ALBANY, Ga. -- For the first time in history, U.S. Treasury Bonds have lost their perfect rating, and the fall is more than a small concern among investors and -- on the face of it -- the international stock and bond market.
Standard & Poor's, one of three major "rating" agencies, recently lowered U.S. Treasurys from their perfect AAA rating to AA+.
According to S&P, the agency acted out of concern for the high rate of U.S. debt and the perceived difficulty congress has experienced in raising the nation's "debt ceiling."
In theory, the downgrade could cause a substantial rise in interest rates on everything from credit cards to cars and homes.
Vic Sullivan, branch manager for Wells Fargo Advisors on Westover Road in Albany, said he believes the world at large has no real investment alternative to the high-value U.S. Bonds and that the market will soon stabilize.
"They (the bonds) are up today," Sullivan said. "Treasury Bonds remain a safe haven for funds around the world. They are the most established sovereign debt market in the world."
Aaron Johnson, an assistant professor of economics at Darton College, agrees.
"The market is overreacting," Johnson said, "In itself, the downgrade won't cause a rise in interest rates. That will only happen if bond demand decreases, and I don't see that happening. What are the alternatives to American sovereign bonds? We'll be okay."
Johnson says he has some concerns about severe inflation in our economic future, but only if investors start putting their money in commodities rather than stocks or bonds and the value of the dollar declines quickly.
China is a "big question," according to Johnson.
"Will they continue to buy U.S. treasurys or will they sell them off? If they sell them it could trigger a strong round of inflation," he said.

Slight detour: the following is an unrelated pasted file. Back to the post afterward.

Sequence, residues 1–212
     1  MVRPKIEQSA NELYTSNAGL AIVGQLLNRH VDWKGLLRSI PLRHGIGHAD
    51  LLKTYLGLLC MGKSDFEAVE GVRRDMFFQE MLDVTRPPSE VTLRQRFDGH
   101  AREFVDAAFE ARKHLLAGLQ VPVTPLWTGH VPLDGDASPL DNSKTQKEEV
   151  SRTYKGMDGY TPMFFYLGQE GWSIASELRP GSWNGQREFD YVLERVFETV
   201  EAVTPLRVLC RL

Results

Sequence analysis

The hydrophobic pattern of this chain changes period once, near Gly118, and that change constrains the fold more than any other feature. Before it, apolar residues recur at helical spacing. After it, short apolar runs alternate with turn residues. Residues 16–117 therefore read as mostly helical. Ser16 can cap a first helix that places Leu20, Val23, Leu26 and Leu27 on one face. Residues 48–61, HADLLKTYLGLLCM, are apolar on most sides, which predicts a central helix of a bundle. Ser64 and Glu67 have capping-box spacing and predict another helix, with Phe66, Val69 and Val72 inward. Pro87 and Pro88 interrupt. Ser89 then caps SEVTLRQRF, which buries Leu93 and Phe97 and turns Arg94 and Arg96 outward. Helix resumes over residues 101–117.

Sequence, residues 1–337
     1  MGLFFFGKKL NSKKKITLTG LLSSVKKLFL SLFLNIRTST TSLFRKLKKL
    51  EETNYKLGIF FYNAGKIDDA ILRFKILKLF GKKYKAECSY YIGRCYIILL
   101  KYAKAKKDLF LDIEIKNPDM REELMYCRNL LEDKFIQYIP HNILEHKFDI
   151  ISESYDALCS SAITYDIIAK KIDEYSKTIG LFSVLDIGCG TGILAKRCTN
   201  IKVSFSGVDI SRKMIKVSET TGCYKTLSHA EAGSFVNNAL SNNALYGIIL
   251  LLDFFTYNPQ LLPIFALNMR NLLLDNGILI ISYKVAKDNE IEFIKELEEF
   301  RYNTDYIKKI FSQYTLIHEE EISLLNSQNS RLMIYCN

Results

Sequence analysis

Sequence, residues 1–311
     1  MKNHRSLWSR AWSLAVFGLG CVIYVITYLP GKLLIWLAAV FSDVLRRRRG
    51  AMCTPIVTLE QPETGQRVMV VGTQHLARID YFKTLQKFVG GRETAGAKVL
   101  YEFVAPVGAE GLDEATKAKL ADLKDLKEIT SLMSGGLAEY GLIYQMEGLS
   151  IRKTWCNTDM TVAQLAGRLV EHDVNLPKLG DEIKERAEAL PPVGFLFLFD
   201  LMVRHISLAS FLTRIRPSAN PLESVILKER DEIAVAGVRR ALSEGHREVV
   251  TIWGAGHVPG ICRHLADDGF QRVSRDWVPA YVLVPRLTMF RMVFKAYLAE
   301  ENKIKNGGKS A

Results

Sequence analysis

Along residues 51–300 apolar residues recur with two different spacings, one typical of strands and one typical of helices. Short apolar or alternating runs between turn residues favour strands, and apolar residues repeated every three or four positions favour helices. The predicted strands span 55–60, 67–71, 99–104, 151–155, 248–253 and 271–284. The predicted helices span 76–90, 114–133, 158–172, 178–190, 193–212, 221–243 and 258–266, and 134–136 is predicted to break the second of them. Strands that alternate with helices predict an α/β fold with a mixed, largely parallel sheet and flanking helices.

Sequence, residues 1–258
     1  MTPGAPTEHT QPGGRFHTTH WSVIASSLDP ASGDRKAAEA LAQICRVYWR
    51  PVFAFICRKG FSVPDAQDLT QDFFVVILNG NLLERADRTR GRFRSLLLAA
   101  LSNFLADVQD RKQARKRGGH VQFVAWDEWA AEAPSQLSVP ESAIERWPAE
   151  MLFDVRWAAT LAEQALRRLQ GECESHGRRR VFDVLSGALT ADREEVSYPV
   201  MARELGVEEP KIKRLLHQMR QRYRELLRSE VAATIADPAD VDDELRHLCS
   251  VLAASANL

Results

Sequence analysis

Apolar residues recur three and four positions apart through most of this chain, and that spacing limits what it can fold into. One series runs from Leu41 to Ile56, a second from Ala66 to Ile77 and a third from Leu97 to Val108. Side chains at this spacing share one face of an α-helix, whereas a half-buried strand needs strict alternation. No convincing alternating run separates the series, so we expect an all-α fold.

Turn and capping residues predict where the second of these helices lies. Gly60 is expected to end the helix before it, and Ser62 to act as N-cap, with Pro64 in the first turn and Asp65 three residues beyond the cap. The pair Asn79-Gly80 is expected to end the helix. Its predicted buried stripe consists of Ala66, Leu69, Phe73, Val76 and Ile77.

Johnson said he believes China will continue to hold and invest in U.S. bonds because "its in their best interest to do so. Don't be afraid to buy stocks. Don't panic."
As for bringing down the budget deficit, Johnson said he believes in the "balanced approach" of mixing budget cuts with increased revenue. However, he doesn't think increased taxes will be necessary. According to Johnson, revenues could be raised by closing tax "loopholes" and limiting deductions. That would increase overall revenues, which could in turn be applied to the deficit, he said.
Albany State University's Michael Rogers said he doesn't think Standard & Poor's is particularly qualified as a rating agency.
"They (S&P) have quoted three or four reasons for the downgrade, but it depends on who's doing the talking, and the reasons conflict," Rogers said. "S&P was in cahoots with the big banks that got us in this economic mess in the first place -- giving loans to potential homeowners who didn't qualify. They made up jobs and incomes that people didn't have.
"These are called 'liars' loans. They knew they (the loans) wouldn't hold water. It's illogical that we can't pay our debts."